Office of Audit
EXAMINATION COLLECTIBILITY PROCEDURES NEED TO BE CLARIFIED AND APPLIED CONSISTENTLY
Final Report issued on September 7, 2016
Highlights of Reference Number: 2016-30-070 to the Internal Revenue Service Commissioner for the Small Business/Self-Employed Division.
IMPACT ON TAXPAYERS
Throughout an examination, examiners are expected to follow Internal Revenue Manual procedures to consider the taxpayer’s ability to pay a potential assessment. Taxpayers who have financial difficulties and cannot afford to make tax payments may be further burdened if the IRS audits them for additional assessments that they cannot pay. Further, taxpayers may be treated inconsistently when examiners do not follow procedures to consider a taxpayer’s ability to make payments.
WHY TIGTA DID THE AUDIT
In Fiscal Year 2015, 50 percent of all Field Collection closures and 19 percent of all Automated Collection System closures of taxpayer delinquent accounts resulting from an examination were closed currently not collectible. This audit was initiated to determine whether the Small Business/Self-Employed Division Examination function is properly and accurately performing collectibility determinations before and during Field and Office examinations.
WHAT TIGTA FOUND
Examiners did not follow collectibility procedures in 62 (56 percent) of 110 sampled cases, which involved 101 separate instances in which procedures were not followed. Specifically, examiners did not always consider collectibility, document their collectibility evaluations, or discuss collectibility issues with their managers. Additionally, examiners did not always contact the Collection function when Examination function procedures required them to do so, refer required cases to the Collection function, or complete financial information needed to assist in future collection efforts. TIGTA estimates there were 1,731 Office examination cases and 1,445 Field examination cases in which employees did not follow established collectibility procedures and the case was later worked and closed by the Collection function as currently not collectible—with the IRS having received no taxpayer payments. Further, while examiners survey cases (i.e., close the case without conducting an examination) for some reasons, examiners rarely survey cases due to collectibility concerns. Following collectibility procedures and coordinating with the Collection function helps ensure that both Examination and Collection function personnel are using their limited resources efficiently.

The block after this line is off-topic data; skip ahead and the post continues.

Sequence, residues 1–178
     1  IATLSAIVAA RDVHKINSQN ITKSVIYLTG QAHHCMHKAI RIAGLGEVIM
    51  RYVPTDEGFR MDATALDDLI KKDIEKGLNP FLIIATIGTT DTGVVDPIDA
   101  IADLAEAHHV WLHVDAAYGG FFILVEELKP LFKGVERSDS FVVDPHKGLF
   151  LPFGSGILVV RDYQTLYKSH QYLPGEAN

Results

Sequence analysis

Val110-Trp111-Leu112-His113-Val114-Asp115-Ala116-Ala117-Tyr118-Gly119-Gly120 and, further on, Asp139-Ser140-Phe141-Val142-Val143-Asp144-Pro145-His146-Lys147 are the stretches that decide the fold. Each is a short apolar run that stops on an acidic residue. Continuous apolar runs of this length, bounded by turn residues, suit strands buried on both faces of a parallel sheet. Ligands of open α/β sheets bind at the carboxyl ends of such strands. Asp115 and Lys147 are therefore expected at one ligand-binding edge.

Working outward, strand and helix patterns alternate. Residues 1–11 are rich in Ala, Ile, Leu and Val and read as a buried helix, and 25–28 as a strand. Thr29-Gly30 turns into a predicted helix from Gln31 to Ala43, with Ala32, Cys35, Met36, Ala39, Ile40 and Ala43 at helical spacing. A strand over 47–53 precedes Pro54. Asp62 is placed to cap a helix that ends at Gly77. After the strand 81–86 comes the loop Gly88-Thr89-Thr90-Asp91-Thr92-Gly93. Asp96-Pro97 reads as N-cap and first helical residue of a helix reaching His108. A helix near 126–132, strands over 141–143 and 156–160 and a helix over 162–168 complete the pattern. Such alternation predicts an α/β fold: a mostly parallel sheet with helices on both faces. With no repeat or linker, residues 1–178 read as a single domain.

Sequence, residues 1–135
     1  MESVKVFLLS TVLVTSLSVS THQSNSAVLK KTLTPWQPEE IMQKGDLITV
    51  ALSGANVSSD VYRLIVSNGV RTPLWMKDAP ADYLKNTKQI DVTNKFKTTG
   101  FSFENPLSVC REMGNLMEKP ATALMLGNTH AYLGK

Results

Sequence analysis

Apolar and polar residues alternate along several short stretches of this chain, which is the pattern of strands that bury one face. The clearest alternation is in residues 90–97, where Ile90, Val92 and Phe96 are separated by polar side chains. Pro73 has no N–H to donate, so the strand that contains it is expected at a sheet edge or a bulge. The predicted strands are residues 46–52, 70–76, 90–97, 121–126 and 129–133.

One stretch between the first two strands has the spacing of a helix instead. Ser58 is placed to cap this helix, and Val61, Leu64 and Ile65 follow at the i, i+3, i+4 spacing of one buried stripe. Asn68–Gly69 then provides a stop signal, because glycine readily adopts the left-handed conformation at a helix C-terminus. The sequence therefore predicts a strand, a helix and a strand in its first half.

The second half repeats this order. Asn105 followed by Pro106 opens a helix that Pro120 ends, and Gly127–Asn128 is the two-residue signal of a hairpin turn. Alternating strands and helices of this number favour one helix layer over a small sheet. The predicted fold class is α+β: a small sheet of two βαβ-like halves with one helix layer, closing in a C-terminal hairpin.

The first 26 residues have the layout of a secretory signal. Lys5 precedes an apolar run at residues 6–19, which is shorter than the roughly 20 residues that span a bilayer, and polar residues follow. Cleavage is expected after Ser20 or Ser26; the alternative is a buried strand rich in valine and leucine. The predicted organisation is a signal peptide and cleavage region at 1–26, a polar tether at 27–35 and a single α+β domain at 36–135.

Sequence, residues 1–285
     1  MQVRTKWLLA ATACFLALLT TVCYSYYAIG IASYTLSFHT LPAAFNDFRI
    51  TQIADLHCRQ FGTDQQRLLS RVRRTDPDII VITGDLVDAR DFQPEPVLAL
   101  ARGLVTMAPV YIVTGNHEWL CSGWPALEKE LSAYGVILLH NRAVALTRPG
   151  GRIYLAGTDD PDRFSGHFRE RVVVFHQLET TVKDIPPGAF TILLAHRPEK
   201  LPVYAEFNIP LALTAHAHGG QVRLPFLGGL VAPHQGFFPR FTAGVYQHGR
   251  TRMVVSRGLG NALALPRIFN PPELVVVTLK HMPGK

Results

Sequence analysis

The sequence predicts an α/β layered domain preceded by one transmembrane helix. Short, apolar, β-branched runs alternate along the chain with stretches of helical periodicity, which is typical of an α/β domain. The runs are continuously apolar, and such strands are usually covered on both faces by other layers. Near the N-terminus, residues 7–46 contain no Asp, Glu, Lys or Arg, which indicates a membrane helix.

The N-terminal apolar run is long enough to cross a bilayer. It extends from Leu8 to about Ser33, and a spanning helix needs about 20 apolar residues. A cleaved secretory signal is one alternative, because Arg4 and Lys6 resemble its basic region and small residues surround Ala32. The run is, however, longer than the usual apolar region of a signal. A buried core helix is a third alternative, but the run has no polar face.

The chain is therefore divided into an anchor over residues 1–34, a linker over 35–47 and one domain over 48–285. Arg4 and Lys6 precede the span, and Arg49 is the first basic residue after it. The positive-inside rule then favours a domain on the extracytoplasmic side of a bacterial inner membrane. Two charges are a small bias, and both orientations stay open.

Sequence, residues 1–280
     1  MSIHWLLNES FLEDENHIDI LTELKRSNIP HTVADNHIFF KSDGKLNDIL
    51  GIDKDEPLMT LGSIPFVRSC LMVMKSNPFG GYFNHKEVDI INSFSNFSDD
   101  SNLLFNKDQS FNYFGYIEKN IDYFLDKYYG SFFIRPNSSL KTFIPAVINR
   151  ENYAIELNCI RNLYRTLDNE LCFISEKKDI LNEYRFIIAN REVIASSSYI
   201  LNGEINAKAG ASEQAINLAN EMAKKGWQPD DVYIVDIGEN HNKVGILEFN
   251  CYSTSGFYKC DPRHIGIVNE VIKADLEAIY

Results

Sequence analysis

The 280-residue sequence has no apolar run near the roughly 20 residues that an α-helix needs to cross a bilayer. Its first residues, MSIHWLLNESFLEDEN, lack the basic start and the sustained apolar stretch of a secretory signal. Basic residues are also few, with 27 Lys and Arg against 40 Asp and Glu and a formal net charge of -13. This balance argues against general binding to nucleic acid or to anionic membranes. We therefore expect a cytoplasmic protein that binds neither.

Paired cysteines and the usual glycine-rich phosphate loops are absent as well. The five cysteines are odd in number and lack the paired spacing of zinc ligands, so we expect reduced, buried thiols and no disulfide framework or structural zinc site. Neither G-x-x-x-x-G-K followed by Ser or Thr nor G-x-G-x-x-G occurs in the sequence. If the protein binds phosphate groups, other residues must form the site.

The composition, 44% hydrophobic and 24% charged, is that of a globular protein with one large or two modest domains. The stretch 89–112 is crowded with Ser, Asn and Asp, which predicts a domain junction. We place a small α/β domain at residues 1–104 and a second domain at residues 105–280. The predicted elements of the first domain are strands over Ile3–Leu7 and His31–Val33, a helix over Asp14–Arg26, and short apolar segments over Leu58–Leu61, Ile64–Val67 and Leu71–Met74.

TIGTA also determined the Examination function has no reports or measurement systems related to the collectibility of examiner assessments. Without this information, IRS management does not have complete information to make changes or improvements to meet goals. The ultimate goal of considering collectibility during an examination is to decrease accounts receivable and increase the quality of assessments. Meanwhile, from Fiscal Years 2010 to 2015, gross accounts receivable increased from $138 billion to $171 billion (24 percent), while the amount written off as uncollectible receivables increased from $103 billion to $130 billion (26 percent). Examination management informed us they were not aware that the Enforcement Revenue Information System allowed them to track collectibility data, so it was not being used for that purpose.
WHAT TIGTA RECOMMENDED
TIGTA recommended that the IRS take several corrective actions to improve collectibility determinations and communication between the Examination and Collection functions and use available data resources to measure and track collectibility as it relates to examination assessments.
IRS management agreed with all of our recommendations and plans to take corrective action.
READ THE FULL REPORT
To view the report, including the scope, methodology, and full IRS response, go to:
Phone Number / 202-622-6500
E-mail Address / TIGTACommunications@tigta.treas.gov
Website / https://www.treasury.gov/tigta